India house prices will rise at half the rate of consumer price inflation next year, hit by dwindling credit supply, according to a Reuters poll of housing market experts who said Delhi will be hit hardest.
House prices have risen at almost double-digit rates for over a decade in Asia’s third-largest economy which is also grappling with a liquidity crunch after a large lending firm, Infrastructure Leasing and Financial Services (IL&FS), defaulted on a short-term debt payment in June.
Rising bad debts and non-performing assets have made major banks and other large financial institutions cautious on lending, leading to a slowdown in the property market, which relies heavily on borrowing for both home building and buying.
“The liquidity crunch is likely to continue in 2019 and push (house) price growth to an all-time low. It will also lead to a scarcity in funds, pushing home loan interest rates higher,” said Anuj Puri, chairman of ANAROCK property consultants.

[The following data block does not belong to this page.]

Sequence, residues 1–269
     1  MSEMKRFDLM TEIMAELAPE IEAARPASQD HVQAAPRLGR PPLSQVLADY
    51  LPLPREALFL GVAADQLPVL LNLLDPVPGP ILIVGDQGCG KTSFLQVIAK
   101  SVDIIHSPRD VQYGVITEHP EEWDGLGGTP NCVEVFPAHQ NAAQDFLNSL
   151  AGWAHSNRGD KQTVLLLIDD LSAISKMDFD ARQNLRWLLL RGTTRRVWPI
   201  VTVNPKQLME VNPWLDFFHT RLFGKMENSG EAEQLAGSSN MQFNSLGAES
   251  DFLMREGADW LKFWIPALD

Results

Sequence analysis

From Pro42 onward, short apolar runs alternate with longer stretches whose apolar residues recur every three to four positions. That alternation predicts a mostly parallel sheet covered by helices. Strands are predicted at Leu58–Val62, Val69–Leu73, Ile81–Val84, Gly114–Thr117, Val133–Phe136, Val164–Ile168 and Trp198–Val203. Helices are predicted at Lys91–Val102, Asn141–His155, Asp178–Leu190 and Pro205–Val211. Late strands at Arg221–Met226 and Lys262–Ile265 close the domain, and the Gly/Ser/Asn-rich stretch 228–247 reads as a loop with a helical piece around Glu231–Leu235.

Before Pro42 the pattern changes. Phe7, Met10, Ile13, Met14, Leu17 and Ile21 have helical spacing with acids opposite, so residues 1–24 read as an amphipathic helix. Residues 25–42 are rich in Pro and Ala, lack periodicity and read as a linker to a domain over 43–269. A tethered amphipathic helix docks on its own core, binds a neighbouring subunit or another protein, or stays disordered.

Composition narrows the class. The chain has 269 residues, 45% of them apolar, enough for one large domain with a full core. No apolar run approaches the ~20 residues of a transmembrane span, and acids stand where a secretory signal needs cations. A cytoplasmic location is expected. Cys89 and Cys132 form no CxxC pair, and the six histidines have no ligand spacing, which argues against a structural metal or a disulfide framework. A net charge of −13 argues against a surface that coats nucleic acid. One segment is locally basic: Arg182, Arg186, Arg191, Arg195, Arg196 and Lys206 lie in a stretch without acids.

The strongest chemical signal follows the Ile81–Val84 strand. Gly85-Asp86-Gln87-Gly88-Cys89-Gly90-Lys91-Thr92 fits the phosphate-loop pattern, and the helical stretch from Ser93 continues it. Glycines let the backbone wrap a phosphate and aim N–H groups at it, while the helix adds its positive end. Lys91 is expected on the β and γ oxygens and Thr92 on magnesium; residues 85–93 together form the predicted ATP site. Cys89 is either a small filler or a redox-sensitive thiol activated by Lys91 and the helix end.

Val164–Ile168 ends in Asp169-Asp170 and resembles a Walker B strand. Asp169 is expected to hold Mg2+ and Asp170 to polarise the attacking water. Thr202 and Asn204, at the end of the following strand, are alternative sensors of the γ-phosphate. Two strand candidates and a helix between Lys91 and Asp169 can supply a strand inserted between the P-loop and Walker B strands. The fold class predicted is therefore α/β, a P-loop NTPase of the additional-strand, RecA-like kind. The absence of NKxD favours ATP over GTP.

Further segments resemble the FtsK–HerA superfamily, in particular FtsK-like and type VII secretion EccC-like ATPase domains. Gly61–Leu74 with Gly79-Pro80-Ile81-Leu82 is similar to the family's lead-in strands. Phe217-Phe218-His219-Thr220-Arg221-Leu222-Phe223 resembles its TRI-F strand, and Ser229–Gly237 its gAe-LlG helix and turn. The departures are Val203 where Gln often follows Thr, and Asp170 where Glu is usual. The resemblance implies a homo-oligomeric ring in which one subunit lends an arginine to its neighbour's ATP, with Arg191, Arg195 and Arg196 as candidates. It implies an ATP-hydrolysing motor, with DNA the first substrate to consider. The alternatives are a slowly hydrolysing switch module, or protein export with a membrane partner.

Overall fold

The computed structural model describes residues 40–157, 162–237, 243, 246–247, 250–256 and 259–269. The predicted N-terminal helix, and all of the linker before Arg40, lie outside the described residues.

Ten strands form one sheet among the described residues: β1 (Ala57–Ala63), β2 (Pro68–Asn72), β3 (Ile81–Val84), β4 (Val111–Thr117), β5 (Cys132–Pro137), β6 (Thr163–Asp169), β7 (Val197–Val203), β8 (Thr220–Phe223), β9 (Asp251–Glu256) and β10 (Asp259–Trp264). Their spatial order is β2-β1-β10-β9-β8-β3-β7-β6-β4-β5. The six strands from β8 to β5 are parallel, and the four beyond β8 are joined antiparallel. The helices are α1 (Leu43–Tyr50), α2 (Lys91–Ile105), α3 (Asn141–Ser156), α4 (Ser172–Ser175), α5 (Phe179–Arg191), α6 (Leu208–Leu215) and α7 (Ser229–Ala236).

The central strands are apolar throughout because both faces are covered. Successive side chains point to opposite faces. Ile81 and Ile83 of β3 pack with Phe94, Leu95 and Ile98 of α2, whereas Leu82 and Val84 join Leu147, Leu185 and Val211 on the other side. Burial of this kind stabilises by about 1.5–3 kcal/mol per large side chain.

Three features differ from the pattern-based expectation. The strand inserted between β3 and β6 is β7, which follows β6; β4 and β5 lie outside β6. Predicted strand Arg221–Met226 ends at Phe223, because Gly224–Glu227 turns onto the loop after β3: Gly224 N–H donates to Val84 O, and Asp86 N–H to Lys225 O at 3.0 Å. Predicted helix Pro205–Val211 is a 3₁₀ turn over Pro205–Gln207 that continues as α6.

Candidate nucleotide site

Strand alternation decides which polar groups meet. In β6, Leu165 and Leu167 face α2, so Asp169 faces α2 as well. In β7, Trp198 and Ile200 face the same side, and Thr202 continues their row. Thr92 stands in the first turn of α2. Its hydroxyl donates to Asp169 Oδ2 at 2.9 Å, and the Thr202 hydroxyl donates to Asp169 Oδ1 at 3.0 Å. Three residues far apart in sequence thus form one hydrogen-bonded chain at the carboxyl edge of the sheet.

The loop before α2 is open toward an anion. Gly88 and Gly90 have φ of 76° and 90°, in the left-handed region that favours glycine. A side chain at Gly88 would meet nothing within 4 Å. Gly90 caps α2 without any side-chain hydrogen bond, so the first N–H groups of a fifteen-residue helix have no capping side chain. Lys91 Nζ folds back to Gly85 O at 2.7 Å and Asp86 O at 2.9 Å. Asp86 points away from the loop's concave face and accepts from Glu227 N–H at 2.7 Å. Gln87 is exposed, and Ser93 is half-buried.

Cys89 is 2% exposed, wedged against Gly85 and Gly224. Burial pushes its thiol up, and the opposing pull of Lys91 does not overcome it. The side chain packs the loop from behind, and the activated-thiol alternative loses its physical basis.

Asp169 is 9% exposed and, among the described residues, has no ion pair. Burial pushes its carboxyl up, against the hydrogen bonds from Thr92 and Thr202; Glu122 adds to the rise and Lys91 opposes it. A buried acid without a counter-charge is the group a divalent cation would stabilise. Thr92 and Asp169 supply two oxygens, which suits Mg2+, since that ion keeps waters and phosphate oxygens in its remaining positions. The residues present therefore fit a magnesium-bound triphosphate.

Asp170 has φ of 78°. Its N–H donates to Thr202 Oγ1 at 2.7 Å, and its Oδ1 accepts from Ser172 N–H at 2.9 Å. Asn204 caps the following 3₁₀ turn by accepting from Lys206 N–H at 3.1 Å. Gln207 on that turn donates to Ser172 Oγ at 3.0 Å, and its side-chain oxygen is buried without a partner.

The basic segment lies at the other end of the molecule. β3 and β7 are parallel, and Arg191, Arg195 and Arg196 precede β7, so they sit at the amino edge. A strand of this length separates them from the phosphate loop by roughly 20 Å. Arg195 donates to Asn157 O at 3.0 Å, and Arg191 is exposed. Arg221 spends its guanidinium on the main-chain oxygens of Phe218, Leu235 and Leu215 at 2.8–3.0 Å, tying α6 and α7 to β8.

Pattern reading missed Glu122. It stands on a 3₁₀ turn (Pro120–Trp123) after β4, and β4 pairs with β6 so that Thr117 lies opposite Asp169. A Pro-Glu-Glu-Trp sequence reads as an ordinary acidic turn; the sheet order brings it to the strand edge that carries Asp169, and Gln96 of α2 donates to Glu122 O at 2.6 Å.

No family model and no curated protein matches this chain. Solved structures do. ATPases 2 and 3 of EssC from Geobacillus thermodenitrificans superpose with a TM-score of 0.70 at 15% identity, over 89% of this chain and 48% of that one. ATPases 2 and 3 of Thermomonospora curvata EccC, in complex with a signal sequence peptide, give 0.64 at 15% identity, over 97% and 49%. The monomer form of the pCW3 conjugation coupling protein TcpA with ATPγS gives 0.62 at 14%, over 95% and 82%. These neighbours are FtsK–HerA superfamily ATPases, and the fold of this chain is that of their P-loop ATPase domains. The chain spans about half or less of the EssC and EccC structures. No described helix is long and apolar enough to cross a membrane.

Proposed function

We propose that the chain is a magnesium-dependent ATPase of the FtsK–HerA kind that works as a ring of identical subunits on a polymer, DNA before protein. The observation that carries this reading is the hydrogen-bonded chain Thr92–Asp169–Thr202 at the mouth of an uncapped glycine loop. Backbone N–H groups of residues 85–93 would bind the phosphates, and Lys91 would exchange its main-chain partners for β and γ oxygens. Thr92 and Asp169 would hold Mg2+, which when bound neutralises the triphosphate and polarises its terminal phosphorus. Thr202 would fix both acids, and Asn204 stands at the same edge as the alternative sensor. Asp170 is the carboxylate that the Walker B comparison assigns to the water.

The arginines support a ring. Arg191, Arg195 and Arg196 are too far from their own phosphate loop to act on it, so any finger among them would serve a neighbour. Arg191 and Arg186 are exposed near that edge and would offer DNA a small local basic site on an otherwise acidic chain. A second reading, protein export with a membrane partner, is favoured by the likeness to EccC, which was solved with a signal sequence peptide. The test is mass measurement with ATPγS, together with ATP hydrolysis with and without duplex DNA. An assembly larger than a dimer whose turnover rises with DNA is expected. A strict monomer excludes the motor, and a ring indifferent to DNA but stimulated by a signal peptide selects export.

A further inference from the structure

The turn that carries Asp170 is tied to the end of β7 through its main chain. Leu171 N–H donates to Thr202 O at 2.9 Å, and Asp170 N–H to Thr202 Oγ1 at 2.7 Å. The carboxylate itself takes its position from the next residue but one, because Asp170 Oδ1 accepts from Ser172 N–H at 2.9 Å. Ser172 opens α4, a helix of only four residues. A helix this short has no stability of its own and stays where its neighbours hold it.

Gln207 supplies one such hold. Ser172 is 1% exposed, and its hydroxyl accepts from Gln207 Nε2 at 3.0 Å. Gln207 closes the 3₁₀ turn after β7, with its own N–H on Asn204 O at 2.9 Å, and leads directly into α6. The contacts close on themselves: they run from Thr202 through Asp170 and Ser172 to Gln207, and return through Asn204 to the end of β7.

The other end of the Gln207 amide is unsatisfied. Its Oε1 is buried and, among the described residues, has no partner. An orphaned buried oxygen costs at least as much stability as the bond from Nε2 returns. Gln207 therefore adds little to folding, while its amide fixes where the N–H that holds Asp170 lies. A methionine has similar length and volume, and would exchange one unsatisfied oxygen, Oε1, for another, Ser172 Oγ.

“And thus, NBFCs (non-banking financial companies) and other commercial banks will be alert over further loan disbursements until normalcy returns to the market. This has created a deep-rooted problem. Only the fittest can survive,” he said.
House prices rose at an average annual rate of 8.5 percent last year, according to Reuters calculations based on the RBI’s NHB Residex (National Housing Bank Residential index) measure.
The Reuters poll of 14 property market experts, conducted Oct. 29-Nov. 14, showed they expected national house prices to rise 2.8 percent this year and 2.0 percent next, around half the rate of the current and expected rate of consumer price inflation.
While the consensus is based on different measures, a majority in the poll provided their forecasts based on NHB Residex. The common theme across forecasts irrespective of the methodology clearly shows a sluggish pace of house price growth over the next year.